· Upon his arrival to Georgia, the Pope said that ethnic and political differences should not be a pretext for conflict, but a source of enrichment ·
Touching down in Tbilisi on Friday afternoon, 30 September, Pope Francis returned to the Caucasus region to continue “a path of peace”. The Pope has returned to the Georgian capital three months after his visit to Armenia, in order to propose to the peoples of this area his message of reconciliation. This trip, which is the 16th international trip of his pontificate, will also include a stop in Azerbaijan.
As he stated in his first speech, while meeting with Georgian authorities after his courtesy visit to the President of the Republic, “the peaceful coexistence among all peoples and states in the region is the indispensable and prior condition for such authentic and enduring progress. This requires increasing mutual esteem and consideration, which can never lay aside respect for the sovereign rights of every country within the framework of international law”. He remarked that all “distinctions along ethnic, linguistic, political or religious lines can and must be for everyone a source of mutual enrichment in favour of the common good”.
The Pope then focused in particular on the situation in Georgia, recalling the centuries-old history of this nation, which “shows that it is rooted in the values expressed in its culture, language and traditions”, and places the country “fully and in a particular way within the bedrock of European civilization”; at the same time, as is evident from Georgia’s geographical location, it “is to a great extent a natural bridge between Europe and Asia, a link that facilitates communication and relations between peoples”, which, over the centuries “has facilitated commercial ties as well as dialogue and the exchange of ideas and experiences between diverse cultures”.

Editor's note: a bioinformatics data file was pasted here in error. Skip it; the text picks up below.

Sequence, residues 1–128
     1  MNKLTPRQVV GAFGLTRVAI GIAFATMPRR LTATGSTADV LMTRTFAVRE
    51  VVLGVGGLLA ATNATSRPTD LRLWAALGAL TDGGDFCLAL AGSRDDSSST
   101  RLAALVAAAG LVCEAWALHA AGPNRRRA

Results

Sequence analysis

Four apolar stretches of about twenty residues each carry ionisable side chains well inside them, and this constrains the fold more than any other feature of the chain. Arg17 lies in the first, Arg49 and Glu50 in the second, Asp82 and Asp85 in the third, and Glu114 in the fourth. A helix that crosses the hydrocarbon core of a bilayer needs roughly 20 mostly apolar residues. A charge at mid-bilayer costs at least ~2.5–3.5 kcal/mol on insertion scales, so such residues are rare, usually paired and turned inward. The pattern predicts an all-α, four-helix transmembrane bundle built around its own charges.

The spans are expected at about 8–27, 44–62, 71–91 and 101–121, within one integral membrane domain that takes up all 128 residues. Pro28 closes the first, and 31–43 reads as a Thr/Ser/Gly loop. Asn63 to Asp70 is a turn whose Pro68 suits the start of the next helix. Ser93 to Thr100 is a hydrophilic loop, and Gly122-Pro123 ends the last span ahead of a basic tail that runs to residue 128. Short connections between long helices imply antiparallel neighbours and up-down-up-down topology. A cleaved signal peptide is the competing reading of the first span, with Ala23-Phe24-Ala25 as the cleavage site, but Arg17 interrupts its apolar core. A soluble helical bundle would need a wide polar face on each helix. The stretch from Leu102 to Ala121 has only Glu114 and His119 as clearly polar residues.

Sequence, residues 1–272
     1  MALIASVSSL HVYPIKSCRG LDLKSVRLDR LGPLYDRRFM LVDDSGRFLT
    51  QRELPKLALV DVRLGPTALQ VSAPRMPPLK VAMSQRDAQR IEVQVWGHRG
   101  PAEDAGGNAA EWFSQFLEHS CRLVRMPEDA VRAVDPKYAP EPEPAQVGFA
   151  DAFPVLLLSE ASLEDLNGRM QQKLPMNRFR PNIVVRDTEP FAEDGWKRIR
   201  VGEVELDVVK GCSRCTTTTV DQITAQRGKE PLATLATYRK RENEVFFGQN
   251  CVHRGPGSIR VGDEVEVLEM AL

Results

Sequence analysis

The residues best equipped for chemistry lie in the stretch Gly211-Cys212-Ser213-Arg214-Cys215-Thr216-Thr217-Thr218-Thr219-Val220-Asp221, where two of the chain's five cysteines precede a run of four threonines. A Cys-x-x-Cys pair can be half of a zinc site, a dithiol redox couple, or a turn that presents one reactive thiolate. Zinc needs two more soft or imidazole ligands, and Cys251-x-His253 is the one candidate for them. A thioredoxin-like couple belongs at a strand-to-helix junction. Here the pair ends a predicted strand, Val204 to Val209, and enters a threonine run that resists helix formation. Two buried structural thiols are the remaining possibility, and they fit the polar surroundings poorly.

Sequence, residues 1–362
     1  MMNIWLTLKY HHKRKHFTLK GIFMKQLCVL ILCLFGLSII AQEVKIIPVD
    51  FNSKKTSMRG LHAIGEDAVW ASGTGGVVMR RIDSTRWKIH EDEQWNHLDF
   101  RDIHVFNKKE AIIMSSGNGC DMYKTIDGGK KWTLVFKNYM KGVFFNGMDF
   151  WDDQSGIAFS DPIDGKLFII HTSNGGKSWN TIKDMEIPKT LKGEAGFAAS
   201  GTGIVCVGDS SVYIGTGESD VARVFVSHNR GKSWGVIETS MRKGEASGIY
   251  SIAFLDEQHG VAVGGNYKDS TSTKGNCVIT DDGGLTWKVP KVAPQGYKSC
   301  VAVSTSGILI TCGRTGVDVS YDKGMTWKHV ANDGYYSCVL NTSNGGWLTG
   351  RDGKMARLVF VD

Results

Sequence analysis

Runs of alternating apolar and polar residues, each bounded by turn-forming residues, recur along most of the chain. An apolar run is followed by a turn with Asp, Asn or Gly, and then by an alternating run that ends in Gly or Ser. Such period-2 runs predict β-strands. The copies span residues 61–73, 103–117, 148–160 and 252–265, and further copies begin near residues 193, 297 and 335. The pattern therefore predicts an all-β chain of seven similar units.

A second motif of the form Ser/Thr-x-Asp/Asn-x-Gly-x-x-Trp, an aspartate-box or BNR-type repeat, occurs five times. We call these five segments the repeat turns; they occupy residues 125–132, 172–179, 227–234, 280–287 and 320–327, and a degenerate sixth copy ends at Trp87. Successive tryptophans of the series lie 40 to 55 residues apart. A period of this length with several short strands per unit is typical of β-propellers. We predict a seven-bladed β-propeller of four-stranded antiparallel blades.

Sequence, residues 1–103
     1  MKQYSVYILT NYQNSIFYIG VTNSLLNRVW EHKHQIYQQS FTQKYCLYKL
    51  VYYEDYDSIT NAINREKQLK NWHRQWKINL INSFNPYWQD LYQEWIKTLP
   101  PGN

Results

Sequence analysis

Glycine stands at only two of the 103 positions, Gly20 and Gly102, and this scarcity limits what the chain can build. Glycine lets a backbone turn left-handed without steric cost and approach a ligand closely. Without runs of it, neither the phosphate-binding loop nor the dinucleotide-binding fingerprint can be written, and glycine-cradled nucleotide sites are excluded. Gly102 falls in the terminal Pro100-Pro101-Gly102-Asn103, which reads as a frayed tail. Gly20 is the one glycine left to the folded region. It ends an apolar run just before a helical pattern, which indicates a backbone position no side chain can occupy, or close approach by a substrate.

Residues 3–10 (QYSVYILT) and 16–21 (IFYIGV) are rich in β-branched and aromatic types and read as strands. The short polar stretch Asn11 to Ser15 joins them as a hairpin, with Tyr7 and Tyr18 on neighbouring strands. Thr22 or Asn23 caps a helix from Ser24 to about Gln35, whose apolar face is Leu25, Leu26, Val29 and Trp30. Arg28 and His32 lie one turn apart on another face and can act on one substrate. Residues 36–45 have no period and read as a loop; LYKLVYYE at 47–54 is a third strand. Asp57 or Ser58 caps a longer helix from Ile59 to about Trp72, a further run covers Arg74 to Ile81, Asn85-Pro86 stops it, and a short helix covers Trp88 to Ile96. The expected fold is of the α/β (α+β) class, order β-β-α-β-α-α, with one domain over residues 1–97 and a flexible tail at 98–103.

In commemorating these 25 years of independence, the Pope highlighted the “great sacrifice, which the people faced courageously in order to ensure their longed-for freedom”, in the hopes that the development of the nation “will advance with the consolidated commitment of all sectors of society, so as to create conditions for stability, justice and respect for the rule of law, hence promoting growth and greater opportunities for all”. In this regard, Francis said that this requires “that everyone make full use of their particular identity, having the possibility, above all else, to coexist peacefully in their homeland, or freely to return to that land, if for some reason they have been forced to leave it”.
Hence the exhortation to public officials, that they continue “to show concern for the situation of these persons, and that they will fully commit themselves to seeking tangible solutions, in spite of any unresolved political questions. It takes”, he added, “far-sightedness and courage to recognize the authentic good of peoples, and to pursue this good with determination and prudence. In this regard, it is essential to keep before our eyes the suffering of others, in order to proceed with conviction along the path which, though slow and laborious, is also captivating and freeing, and leads us towards peace”.
Immediately following his address to Georgian authorities, the Pope left the presidential palace and went to the headquarters of the Orthodox Patriarchate for a meeting with the Catholicos-Patriarch of All Georgia, Ilia II, who in 1999 had welcomed John Paul II. The Pope then met with the Assyrian-Chaldean community.
St. Peter’s Square
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